Marion Barry was mayor of Washington, DC, for four terms, three consecutive and one after he got out of prison where he was sent for smoking crack cocaine while federal agents video taped the event in a hotel room set up specifically for that purpose. He was 78 years old, but people who saw him up close in recent years said he looked like a cadaver in a fine, well cut suit, always well dressed, well presented, with a good suit and a natty tie, but standing on death’s door nonetheless. He had a variety of illnesses in his last decade or more, many of them related to heavy drinking and drug use over the years.
The long story of Marion Barry and the city of Washington, DC, (remember, it is a city, a real place, quite apart from those big government buildings seen in television news reports daily) is a strange one of triumph and tragedy. Barry rose from being an early civil rights advocate (he was the first national chairman of the Student Nonviolent Coordinating Committee) and community activist to be mayor of a city that is broken, a city that has only half the powers normally associated with a city government and operates with the federal apparatus looking down on it and, through Congress, with the ability to cancel out almost anything the city government decides to do. It’s a mess.
Leaving aside Marion Barry for the moment, the mess of the city government was created long ago when those writing America’s constitution were meeting in Philadelphia. Fearing that a riot was about to break out and land on top of them, the founders asked the governor of Pennsylvania to call out the guard. He refused. They vowed then and there that the federal government had to be in a special “district”, something apart from the states, so that no mere governor could ignore its needs in a time of peril. This strange arrangement meant that voters in DC were denied the right to even vote on who would become president until the 1960s and they didn’t get “home rule”, an actual elected mayor and city council, until 1973. (Nixon signed the bill and supported the idea.)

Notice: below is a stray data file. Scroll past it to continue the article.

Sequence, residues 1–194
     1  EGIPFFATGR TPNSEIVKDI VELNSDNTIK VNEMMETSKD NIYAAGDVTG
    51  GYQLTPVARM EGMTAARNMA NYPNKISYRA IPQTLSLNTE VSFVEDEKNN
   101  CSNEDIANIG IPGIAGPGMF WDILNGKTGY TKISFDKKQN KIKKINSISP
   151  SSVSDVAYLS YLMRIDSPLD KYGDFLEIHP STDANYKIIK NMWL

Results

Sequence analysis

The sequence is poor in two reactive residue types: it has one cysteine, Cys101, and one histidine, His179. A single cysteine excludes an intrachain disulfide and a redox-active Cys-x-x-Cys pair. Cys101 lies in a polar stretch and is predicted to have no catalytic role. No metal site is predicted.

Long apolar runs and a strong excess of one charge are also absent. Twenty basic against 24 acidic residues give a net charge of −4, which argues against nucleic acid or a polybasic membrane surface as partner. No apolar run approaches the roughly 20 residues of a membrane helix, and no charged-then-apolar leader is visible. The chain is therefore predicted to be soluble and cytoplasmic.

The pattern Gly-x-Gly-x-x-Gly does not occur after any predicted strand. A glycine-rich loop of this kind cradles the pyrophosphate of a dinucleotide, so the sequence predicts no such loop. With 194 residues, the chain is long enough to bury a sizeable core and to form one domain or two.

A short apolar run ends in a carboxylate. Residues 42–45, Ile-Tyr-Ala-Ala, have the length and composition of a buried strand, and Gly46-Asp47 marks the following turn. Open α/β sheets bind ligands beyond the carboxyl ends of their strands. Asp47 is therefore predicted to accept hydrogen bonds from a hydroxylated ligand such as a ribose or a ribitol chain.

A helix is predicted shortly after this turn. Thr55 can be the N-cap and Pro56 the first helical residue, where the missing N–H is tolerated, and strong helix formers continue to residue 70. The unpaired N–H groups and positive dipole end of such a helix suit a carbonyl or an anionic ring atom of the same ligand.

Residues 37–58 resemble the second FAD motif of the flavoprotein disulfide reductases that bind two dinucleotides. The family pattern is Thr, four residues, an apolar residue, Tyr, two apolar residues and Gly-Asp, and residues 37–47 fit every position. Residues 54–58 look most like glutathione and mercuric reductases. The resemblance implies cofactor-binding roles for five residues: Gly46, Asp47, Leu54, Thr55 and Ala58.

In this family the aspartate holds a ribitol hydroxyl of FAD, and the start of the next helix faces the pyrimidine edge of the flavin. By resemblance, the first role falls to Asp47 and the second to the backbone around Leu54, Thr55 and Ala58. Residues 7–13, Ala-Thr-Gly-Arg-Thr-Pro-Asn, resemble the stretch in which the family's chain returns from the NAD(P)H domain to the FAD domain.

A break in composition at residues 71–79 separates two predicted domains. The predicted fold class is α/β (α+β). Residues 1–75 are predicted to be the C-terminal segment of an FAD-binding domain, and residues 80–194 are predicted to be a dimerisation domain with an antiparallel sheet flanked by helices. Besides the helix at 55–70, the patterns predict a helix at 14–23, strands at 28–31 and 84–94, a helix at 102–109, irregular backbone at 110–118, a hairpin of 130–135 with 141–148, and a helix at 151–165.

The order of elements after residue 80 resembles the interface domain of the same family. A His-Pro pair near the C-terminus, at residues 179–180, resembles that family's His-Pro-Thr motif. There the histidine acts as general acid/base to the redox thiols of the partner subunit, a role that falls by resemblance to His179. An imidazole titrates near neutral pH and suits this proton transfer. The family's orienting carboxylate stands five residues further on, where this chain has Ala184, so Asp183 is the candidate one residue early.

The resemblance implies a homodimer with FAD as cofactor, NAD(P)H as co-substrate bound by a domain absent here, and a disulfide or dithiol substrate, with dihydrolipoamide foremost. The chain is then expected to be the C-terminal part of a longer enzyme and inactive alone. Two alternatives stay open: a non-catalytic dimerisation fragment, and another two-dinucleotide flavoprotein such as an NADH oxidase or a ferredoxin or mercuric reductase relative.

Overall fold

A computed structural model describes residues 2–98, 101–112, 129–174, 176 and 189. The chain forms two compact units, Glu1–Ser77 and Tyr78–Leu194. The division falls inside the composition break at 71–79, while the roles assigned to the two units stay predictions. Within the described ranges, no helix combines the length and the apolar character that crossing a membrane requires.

There’s more: for decades, DC was a majority black city presided over by white, southern congressmen who were not too pleased with anything that went on in the city. They ruled it like their own private fiefdom and city residents marched to the drums of crusty old House members from states like Mississippi. It was a formula set up for resentment of the highest order. Thousands of blacks had fled the southern states to get away from racism and to pursue better job opportunities in government and elsewhere only to find themselves ruled over by white southerners, many of whom were racists to the core.
Enter Marion Barry. Young, wearing African style clothing and organizing various movements around the city, Barry moved onto a neighborhood board, then the school board, the city council and finally ran for mayor against a symbol of the old ways: Walter Washington, the city’s first elected mayor who had earlier been appointed to the position by Lyndon Johnson when he was president.
Barry came roaring into office, displacing the old ways and hiring everyone in the downtrodden old neighborhoods he had earlier helped organize. Jobs were available for just about anyone who wanted one, competent or not. Thousands of summer jobs were made available to kids in need of money and something to do between the school years. The DC government was bloated with people in jobs many of them couldn’t actually do, but for those in the poorer neighborhoods, the chance at steady employment was highly welcomed. For this and other reasons, Barry became a hero to many. He was a man who not only cared about the excluded and the unwanted, he turned the government into a kind of piggy bank to help them.